This was something I was looking for, I wanted to follow any uphill lead. I crossed a few more trail intersections but kept following uphill leads. Eventually I found this:

The sight of a mountain with snow was a great relief in the wake of the past few days. I took a bearing of the mountain with my compass and then started following uphill trails in its general direction.

Four hours passed on the recon mission and I came into a number of other meadows that had views of the mountain, each time closer and closer. Optimistic that this had to be the way, at about 10,100' the trails just started going down hill. Later, I would find out that this was a point called "The Knob" (great, so the first thing I climb is "the knob") I resolved to call the recon mission quits for the day and regroup back at base camp. Feeling well, with enough time and energy I packed up base camp and established a forward base of operation at the first meadow.

Forward base was at 9,000' of elevation and I could tell from the distance I had hiked earlier, and how close I got to it, that the mountain had to be in excess of 12,000'. The only mountain I knew of in this area at that height was Jicarita Peak and I had read there was a trail up it...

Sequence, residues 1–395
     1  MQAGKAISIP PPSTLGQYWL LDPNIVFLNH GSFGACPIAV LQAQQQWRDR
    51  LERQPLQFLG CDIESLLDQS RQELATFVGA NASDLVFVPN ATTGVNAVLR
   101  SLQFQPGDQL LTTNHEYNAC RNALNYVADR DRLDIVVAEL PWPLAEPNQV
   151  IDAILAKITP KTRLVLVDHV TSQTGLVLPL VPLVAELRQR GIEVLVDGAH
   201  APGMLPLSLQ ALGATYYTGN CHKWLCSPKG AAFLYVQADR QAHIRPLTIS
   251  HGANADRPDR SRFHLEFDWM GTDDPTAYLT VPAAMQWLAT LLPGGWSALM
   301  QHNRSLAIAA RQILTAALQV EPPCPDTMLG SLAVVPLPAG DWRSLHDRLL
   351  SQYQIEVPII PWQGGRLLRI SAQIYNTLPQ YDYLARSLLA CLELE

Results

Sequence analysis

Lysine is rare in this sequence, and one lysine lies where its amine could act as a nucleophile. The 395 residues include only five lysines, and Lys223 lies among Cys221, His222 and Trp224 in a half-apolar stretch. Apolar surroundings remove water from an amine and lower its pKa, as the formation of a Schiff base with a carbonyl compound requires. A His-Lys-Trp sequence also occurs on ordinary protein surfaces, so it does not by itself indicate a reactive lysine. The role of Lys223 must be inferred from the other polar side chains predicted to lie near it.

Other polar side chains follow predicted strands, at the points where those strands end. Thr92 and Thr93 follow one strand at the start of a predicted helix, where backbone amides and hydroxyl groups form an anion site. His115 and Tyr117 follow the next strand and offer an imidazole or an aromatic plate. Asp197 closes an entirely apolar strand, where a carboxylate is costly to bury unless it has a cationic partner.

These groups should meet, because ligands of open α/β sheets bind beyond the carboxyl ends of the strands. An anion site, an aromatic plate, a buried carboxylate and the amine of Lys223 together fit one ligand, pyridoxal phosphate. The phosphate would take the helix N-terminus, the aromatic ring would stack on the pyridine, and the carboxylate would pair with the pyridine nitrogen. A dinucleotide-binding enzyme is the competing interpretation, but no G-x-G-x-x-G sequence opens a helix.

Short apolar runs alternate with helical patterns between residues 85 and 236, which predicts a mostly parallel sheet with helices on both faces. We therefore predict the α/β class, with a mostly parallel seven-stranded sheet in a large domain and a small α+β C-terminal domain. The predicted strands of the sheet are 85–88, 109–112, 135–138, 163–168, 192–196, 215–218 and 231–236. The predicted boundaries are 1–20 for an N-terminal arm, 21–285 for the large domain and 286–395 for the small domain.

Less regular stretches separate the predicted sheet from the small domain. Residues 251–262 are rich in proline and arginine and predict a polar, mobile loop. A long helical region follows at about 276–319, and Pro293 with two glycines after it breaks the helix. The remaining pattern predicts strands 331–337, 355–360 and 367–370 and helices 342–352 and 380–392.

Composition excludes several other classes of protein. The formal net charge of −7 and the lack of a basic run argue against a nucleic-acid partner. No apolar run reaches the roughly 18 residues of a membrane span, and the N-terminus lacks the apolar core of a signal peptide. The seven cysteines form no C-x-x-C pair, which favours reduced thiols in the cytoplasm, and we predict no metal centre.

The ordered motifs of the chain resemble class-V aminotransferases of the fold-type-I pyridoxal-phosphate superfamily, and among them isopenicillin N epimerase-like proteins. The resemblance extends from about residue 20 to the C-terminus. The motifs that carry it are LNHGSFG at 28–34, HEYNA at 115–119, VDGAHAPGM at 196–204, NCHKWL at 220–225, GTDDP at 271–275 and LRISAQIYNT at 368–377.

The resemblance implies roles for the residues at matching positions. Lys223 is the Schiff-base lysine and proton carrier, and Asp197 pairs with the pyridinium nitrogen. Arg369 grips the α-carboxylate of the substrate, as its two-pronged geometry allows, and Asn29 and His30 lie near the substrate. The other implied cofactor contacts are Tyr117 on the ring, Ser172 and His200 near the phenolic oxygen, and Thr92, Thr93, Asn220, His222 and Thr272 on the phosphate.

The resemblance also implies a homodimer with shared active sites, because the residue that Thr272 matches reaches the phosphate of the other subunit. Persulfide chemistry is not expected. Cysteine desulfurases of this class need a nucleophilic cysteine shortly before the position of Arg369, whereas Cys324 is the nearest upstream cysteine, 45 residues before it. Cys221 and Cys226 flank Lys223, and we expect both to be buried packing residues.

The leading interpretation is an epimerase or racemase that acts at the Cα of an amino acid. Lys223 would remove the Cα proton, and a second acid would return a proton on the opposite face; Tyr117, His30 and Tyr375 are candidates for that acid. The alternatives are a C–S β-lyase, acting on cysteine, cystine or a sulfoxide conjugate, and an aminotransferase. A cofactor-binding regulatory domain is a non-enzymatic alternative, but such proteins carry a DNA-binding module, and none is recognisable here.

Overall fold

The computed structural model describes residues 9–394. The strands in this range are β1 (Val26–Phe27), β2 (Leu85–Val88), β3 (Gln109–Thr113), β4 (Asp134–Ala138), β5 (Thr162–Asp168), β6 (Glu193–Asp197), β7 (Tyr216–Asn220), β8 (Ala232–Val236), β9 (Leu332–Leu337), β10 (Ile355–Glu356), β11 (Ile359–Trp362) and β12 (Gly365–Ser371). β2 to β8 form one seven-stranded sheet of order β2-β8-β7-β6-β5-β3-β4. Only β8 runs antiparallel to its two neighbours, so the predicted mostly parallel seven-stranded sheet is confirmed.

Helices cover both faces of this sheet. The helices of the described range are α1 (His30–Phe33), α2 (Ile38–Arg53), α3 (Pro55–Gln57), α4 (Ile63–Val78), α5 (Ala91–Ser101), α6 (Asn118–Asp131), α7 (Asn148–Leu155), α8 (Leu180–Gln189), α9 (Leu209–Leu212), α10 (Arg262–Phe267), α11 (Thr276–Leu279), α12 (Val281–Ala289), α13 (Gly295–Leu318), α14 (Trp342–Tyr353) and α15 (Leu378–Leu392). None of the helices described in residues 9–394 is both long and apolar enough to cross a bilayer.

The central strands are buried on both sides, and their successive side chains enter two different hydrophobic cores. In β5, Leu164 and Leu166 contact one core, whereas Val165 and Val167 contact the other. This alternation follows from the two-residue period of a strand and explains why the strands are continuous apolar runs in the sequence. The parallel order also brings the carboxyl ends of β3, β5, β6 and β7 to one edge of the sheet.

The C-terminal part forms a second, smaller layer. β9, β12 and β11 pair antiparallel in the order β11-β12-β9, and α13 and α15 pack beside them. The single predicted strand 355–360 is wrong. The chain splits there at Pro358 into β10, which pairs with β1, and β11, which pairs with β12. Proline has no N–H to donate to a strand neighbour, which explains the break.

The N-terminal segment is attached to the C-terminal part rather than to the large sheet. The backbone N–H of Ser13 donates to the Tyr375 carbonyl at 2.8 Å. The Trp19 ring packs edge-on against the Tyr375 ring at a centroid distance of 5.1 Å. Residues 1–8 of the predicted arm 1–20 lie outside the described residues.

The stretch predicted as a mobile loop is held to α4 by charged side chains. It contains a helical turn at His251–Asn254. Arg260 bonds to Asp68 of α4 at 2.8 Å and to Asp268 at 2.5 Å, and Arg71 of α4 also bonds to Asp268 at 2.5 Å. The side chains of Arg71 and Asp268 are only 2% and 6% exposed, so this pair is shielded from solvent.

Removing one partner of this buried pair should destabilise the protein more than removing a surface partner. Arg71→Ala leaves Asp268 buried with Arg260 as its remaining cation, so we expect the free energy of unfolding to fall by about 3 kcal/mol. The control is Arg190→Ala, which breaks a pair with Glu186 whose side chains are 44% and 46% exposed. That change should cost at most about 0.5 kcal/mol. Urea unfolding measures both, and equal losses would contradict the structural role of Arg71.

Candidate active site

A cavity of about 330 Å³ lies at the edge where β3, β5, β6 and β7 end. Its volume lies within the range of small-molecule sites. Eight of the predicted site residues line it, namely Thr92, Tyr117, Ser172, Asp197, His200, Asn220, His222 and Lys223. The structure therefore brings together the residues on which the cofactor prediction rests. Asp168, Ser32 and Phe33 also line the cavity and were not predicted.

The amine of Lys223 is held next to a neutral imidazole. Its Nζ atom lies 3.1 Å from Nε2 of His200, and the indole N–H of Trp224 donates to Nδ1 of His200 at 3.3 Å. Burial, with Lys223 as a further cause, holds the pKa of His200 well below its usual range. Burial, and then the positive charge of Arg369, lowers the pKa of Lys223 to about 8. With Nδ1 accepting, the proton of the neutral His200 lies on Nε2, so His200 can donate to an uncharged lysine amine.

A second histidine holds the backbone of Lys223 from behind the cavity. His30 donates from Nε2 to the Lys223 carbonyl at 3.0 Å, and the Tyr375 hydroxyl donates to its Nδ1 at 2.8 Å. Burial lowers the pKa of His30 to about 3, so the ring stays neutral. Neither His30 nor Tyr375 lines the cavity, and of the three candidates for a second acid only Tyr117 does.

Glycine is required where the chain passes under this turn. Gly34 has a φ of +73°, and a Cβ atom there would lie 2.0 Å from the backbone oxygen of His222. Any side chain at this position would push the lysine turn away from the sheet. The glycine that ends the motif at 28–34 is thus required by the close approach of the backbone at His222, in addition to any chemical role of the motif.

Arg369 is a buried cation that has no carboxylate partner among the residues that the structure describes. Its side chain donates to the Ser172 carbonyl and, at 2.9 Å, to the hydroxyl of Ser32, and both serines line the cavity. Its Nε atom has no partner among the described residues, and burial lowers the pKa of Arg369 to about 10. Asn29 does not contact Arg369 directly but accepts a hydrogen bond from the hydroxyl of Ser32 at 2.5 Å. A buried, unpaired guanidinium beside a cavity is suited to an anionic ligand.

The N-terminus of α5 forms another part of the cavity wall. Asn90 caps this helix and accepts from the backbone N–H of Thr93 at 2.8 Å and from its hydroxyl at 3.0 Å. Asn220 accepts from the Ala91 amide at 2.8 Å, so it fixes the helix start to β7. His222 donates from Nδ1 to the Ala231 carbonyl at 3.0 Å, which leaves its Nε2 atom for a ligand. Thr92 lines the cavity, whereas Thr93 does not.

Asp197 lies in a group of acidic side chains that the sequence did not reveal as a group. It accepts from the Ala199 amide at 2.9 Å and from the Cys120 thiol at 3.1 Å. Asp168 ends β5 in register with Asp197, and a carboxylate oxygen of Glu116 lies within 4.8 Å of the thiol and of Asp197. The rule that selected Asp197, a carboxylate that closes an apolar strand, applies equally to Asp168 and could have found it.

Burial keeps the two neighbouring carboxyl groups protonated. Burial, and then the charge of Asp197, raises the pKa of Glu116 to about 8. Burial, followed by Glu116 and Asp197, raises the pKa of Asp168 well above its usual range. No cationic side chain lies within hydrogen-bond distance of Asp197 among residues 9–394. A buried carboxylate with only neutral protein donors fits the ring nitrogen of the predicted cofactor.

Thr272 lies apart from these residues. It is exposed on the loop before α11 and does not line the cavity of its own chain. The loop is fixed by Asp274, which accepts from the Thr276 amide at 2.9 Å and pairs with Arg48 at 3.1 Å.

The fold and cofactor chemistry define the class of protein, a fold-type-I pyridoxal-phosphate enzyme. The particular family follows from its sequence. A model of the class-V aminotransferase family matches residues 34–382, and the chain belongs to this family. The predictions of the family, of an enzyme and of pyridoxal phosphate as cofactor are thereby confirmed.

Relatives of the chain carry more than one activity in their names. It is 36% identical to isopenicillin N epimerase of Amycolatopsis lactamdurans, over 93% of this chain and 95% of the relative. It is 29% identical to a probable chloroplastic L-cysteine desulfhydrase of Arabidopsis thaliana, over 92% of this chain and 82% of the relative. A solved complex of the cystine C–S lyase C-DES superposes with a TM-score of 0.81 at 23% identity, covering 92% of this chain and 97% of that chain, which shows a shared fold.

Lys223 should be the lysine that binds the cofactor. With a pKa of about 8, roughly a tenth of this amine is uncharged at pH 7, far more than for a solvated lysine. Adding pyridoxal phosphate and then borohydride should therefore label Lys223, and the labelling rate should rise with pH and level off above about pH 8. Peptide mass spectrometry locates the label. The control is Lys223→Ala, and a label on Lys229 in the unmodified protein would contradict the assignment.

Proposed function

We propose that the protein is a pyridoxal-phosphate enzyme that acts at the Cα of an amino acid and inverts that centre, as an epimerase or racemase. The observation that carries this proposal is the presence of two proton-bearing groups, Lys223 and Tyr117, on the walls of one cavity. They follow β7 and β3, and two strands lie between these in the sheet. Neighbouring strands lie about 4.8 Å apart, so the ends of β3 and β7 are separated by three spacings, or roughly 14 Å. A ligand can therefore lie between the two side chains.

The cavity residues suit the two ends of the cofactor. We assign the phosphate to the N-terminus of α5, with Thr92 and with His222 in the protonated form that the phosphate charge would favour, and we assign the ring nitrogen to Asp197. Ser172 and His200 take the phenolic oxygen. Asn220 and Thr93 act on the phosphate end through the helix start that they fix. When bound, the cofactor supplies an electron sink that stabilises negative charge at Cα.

...find the trail!

Day 10 - 6/13/13

I had crossed the meadow yesterday by the north side going west but there was a southern trail I had bypassed. It went about SSW and I decided that I would take it once I got outfitted for another day of recon in the labyrinth of angostura. Immediately it went uphill and kept going uphill. I started to encounter a number of meadows that had multiple trails leading into them. Pig trails to secret spots, trails to campsites, and general trail intersections. I had to change tactics from just writing notes on bearings and landmarks in my journal. I started making cairns and these guys:

Coming into a nice meadow at about 10,500', I saw this:

There was quite a pick up in my pace at this point. The recon mission had clear orders to find the mountain and engage the enemy if the opportunity presented itself. It was only 11:30am and I knew the storms didnt start until about 3pm. Right when I started to rationalize the storm threat, there was a building thunderhead over the next meadow.

I continued to push uphill and eventually was certain I was on the right path when I encountered this stream with a high flow. The streams down the mountain were fairly small but this feature was flowing. Only one thing can produce that kind of water volume: Snow.

It wasn't too long after that I found myself exactly where I wanted to be...

 ...but it wasn't when I wanted to be there.

Waiting at the treeline for a half an hour, I watched the storm. Lightning and a rolling thunder that I have only heard in the mountains at altitude. I decided that the recon mission for the route up the mountain had been a success and that I would descend back to forward base at meadow one. I got back to camp and hashed out the details for tomorrow and the assault on the ridge.